An intensive week for Arguing at School

The Erasmus Project Arguing at School has now reached a moment of great involvement: the Learning Teaching Training Activity in Ogulin and Vrbovsko in Croatia

by Elena Passerini

The Arguing at School Consortium emerged strengthened from a full week of Training/Learning/Teaching Activities.

The Croatian partner school Ivan Goran Kovačić in Vrbovsko organized the days both at its premises, involving some students and numerous teachers, and in the nearby town of Ogulin. The group of participants came from Malta, Italy, Romania, Slovenia, France, and various parts of Croatia. In addition to the 5-day training involving teachers sent from partner schools and a wide representation of partners, numerous new teachers were also involved. An evening public meeting, organized at the library in Ogulin, allowed representatives of schools and local stakeholders to learn about our three methods in Croatian and English, including video testimonies. The two-day workshops within the LTTA reserved some places for some local teachers, who could then start some experimentation. Five other schools were also involved in various ways, including the four pilots, the mayor of Ogulin, three head teachers, and a regional head officer.

Monday was dedicated to plenary work, to form the group and deepen the basic elements common to all methods. Emotional competence and the concept of conflicts and quarrels, quite distinct from war and violence, are the two key concepts that make arguing a resource for education.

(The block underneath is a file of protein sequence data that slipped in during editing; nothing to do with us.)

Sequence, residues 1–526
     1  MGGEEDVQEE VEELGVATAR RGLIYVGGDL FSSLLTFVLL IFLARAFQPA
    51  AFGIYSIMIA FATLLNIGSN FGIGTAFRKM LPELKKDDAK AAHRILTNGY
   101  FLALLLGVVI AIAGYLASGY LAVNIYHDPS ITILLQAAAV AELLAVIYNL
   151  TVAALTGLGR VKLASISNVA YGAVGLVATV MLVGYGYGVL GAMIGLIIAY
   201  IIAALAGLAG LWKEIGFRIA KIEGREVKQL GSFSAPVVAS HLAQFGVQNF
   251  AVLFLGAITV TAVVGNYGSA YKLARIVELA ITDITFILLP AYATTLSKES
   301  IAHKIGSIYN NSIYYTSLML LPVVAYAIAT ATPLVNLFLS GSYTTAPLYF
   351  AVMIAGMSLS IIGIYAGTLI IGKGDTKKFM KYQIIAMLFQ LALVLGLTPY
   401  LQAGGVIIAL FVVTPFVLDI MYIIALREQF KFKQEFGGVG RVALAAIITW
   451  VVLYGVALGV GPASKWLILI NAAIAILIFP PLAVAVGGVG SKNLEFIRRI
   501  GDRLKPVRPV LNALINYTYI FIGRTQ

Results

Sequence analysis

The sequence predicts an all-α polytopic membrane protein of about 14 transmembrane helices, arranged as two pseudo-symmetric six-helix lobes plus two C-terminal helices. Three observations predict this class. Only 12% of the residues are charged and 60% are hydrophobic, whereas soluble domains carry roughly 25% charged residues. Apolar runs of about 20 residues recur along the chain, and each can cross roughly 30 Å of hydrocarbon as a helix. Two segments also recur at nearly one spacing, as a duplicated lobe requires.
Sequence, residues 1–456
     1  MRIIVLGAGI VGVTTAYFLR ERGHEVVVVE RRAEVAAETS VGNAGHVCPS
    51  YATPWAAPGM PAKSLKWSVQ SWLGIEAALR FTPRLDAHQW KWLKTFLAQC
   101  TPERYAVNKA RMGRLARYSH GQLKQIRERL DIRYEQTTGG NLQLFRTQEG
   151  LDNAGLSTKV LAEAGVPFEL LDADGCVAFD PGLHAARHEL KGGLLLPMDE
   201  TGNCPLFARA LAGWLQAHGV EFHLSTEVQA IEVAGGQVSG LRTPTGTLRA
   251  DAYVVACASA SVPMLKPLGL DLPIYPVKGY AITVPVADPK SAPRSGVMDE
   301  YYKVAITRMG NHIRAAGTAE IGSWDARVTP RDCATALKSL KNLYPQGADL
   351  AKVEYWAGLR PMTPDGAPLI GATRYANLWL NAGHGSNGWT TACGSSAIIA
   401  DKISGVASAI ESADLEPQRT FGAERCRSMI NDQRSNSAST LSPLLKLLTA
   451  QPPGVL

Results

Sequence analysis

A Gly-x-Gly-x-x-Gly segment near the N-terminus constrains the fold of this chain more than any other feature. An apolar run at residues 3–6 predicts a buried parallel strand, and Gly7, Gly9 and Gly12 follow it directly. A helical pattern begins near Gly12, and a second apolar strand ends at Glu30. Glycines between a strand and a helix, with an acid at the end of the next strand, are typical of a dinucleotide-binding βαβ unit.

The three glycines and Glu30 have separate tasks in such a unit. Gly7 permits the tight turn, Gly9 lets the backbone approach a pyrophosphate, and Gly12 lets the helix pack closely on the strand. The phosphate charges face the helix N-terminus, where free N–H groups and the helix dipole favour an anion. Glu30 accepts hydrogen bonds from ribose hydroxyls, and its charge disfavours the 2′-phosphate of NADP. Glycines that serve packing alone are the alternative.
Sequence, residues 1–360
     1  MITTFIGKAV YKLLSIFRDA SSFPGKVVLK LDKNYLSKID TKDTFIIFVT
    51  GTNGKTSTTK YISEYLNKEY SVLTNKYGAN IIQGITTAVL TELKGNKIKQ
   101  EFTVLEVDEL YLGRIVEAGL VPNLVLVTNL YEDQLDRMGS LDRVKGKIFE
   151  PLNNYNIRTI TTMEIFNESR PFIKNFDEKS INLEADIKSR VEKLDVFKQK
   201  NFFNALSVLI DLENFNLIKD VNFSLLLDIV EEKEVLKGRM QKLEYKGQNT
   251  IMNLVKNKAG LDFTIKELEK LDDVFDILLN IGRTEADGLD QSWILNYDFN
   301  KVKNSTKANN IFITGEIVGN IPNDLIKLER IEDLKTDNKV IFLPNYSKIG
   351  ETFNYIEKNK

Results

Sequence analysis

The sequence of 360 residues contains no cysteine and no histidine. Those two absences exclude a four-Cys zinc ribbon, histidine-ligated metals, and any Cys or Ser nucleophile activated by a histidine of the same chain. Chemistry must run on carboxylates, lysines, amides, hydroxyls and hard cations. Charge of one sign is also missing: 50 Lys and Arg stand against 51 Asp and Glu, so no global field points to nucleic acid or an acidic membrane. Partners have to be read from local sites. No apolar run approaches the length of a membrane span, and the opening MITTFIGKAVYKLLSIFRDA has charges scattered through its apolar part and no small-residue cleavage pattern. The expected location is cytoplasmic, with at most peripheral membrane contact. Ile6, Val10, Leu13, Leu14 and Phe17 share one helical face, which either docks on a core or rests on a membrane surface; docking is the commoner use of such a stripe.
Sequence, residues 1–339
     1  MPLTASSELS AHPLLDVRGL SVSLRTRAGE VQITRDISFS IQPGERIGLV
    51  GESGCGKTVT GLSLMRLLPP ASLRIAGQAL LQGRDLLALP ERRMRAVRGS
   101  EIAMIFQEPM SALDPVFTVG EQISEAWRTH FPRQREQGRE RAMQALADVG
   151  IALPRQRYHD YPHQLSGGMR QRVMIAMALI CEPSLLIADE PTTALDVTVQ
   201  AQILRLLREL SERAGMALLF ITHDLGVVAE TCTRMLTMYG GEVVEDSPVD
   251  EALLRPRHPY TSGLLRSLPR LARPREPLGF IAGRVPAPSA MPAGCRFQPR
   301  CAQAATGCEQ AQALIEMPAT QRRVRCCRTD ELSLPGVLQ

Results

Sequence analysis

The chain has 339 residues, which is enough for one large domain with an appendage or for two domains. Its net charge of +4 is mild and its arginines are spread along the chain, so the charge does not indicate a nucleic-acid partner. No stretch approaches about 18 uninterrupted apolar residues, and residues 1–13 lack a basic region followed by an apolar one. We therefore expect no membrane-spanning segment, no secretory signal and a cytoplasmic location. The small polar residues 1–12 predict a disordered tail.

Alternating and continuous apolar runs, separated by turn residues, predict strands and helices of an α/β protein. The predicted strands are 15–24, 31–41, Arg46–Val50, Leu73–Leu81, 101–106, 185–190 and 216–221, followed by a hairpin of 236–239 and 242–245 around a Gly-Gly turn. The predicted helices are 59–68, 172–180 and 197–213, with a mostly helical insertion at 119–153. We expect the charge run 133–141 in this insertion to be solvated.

On Tuesday and Wednesday, in three parallel open groups, the main methods used by pilot schools: Litigare Bene by Daniele Novara, Peer Mediation, and Friendship Cards by Relationships Are Forever Foundation (Malta) were explored in workshops. After an intensive day dedicated to one method, the participant groups will be able to start introducing at least one new method or tool in their school during the school year.

The program was elaborated in a long sharing process by the group of trainers. The aim is choosing and synthesizing the most useful elements for the transferability of the methods, relying on the common assumptions and the practical benefits derived from their application, both for teachers and students, and the experience gained over the years around each of the methods.

Thanks to the presence of Paola Cosolo Marangon, we have also added a fourth pedagogical tool, which is very useful for introducing rituals and rules into the classroom that give space and time to the problems and conflicts that the class group experiences. The responsibility and abilities of each student can be developed with the Cooperation Council, which creates a collaborative climate in the classroom. It contains and deals with difficulties, enhancing the potential of each individual and the group. It is an activity that originated in schools inspired by Freinet’s pedagogy and described by the Canadian Danielle Jasmine.

On the final day on Friday, the teachers worked intensively in two focus groups and an evaluation session. They discussed the strengths and limitations of the methods, considering both the foreseeable obstacles to change and the schools’ most motivating benefits and needs. Then they were able to give their messages to the entire consortium gathered for the regular Transnational Project Meeting on Friday morning. Their messages and suggestions will serve to broaden the pedagogical perspective on the potential opened up by the Project.